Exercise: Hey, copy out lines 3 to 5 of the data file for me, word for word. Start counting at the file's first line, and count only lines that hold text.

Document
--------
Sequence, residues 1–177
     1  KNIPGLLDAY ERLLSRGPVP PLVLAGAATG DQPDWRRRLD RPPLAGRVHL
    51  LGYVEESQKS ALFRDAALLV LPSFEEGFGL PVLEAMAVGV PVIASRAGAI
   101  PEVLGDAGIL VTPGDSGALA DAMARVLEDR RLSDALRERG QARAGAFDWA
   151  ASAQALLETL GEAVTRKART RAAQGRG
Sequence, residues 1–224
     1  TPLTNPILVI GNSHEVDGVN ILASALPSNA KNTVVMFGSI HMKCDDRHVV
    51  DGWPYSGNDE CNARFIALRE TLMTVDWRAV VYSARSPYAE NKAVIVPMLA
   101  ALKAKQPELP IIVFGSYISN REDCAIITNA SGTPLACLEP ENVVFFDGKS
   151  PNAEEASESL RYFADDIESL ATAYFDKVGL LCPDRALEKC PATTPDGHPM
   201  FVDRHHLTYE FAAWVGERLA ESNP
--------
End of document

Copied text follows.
    51  LGYVEESQKS ALFRDAALLV LPSFEEGFGL PVLEAMAVGV PVIASRAGAI
   101  PEVLGDAGIL VTPGDSGALA DAMARVLEDR RLSDALRERG QARAGAFDWA
   151  ASAQALLETL GEAVTRKART RAAQGRG